The Board found that the relevant genus of goods under the first prong of the Marvin Ginn test was "soft drinks, sports drinks, and energy drinks." As to the second prong, the Board determined that the relevant consuming public was "ordinary consumers who purchase and drink soft drinks, energy drinks, or sports drinks." RC did not dispute the second prong finding, but argued that the Board erred in defining the relevant genus. According to RC, the relevant genus should be defined by a particular characteristic or subset of beverages—namely, those with few or no calories or carbohydrates.
The Federal Circuit agreed with RC that the Board erred in its legal framing of the genericness inquiry. First, the Board failed to examine whether ZERO identified "a key aspect" of the genus at issue. In In re Cordua Restaurants, Inc., the Federal Circuit explained that "a term is generic if the relevant public understands the term to refer to part of the claimed genus of goods or services, even if the public does not understand the term to refer to the broad genus as a whole." 823 F.3d 594, 605 (Fed. Cir. 2016) (emphasis added). The court pointed out that the term "pizzeria" is generic for restaurant services, even though the public does not understand the term to refer to the broad class of restaurants as a whole. Similarly, "if the public understands ZERO when used in combination with a designated beverage name to refer to a sub-group or type of beverage that carries specific characteristics, that would be enough to render the term generic," the court said.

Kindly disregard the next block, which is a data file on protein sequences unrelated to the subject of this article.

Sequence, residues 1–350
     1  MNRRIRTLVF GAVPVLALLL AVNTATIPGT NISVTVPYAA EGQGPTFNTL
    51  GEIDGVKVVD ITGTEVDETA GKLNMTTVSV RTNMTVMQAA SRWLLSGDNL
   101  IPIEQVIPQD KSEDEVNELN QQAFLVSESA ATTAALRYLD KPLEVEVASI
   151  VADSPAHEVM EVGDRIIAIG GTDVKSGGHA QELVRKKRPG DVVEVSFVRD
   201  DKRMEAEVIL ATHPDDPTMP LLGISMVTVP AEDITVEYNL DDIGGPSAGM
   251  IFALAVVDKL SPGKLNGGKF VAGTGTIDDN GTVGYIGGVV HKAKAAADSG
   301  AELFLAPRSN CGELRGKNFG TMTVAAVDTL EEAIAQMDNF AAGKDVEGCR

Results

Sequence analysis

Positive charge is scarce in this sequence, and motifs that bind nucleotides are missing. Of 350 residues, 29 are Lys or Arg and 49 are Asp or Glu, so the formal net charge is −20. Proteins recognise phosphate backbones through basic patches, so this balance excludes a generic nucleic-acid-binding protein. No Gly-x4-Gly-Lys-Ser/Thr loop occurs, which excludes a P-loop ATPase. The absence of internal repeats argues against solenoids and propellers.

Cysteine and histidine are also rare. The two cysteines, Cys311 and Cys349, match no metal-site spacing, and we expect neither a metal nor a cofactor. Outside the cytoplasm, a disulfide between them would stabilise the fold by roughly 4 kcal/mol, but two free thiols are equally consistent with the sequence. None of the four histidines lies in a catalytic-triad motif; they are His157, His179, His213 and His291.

The Board also failed to examine how the relevant public understood the brand name at issue when used with the descriptive term ZERO. On remand, the Board was directed to examine whether the term ZERO, when appended to a beverage mark, refers to a key aspect of the genus because it refers to a sub-group or type of the claimed beverage goods. "The Board must make this determination by considering the facts that the genus of goods for which TCCC seeks registration of its marks clearly encompasses zero calorie beverages as a sub-group, and that TCCC only proposed to use ZERO in combination with beverage marks that offer zero calorie versions thereof," the court said.
Descriptiveness. The Board also erred in assessing whether TCCC satisfied its burden of proving acquired distinctiveness without first determining exactly what that burden was. RC argued that the term ZERO, if not generic, is so highly descriptive that the Board’s assessment of TCCC’s evidence of acquired distinctiveness had to be exacting.
The court agreed, noting that an applicant’s burden of showing acquired distinctiveness increases with the degree of descriptiveness. In this case, the Board did not make any finding as to the level of descriptiveness conveyed by the term ZERO in the marks. This was reason enough to vacate the Board’s determination that RCCC’s ZERO marks had acquired distinctiveness. On remand, the Board was directed to make an express finding regarding the degree of the marks’ descriptiveness on the scale ranging from generic to merely descriptive, and to explain how its assessment of the evidentiary record reflects that finding.